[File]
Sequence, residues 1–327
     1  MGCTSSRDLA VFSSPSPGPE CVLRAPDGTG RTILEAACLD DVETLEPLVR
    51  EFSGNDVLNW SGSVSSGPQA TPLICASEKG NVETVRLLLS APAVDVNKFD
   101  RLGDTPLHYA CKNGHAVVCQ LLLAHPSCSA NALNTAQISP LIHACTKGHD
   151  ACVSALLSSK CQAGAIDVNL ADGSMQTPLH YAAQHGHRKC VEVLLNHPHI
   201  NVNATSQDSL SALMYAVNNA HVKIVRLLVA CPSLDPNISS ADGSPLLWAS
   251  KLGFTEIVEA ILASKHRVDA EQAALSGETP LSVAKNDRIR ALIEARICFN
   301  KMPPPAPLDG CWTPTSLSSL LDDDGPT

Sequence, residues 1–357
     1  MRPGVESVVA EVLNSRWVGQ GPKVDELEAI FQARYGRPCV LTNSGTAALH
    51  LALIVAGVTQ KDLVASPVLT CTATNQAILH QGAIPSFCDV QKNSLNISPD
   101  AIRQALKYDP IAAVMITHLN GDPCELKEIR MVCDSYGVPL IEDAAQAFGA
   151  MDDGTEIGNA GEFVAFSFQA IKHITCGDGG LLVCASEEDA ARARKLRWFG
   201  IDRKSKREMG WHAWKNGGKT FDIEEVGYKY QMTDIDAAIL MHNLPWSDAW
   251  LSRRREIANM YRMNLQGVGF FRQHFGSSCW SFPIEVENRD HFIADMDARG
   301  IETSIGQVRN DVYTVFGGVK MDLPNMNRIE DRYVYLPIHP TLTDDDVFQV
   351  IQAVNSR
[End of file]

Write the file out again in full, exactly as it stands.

Sequence, residues 1–327
     1  MGCTSSRDLA VFSSPSPGPE CVLRAPDGTG RTILEAACLD DVETLEPLVR
    51  EFSGNDVLNW SGSVSSGPQA TPLICASEKG NVETVRLLLS APAVDVNKFD
   101  RLGDTPLHYA CKNGHAVVCQ LLLAHPSCSA NALNTAQISP LIHACTKGHD
   151  ACVSALLSSK CQAGAIDVNL ADGSMQTPLH YAAQHGHRKC VEVLLNHPHI
   201  NVNATSQDSL SALMYAVNNA HVKIVRLLVA CPSLDPNISS ADGSPLLWAS
   251  KLGFTEIVEA ILASKHRVDA EQAALSGETP LSVAKNDRIR ALIEARICFN
   301  KMPPPAPLDG CWTPTSLSSL LDDDGPT

Sequence, residues 1–357
     1  MRPGVESVVA EVLNSRWVGQ GPKVDELEAI FQARYGRPCV LTNSGTAALH
    51  LALIVAGVTQ KDLVASPVLT CTATNQAILH QGAIPSFCDV QKNSLNISPD
   101  AIRQALKYDP IAAVMITHLN GDPCELKEIR MVCDSYGVPL IEDAAQAFGA
   151  MDDGTEIGNA GEFVAFSFQA IKHITCGDGG LLVCASEEDA ARARKLRWFG
   201  IDRKSKREMG WHAWKNGGKT FDIEEVGYKY QMTDIDAAIL MHNLPWSDAW
   251  LSRRREIANM YRMNLQGVGF FRQHFGSSCW SFPIEVENRD HFIADMDARG
   301  IETSIGQVRN DVYTVFGGVK MDLPNMNRIE DRYVYLPIHP TLTDDDVFQV
   351  IQAVNSR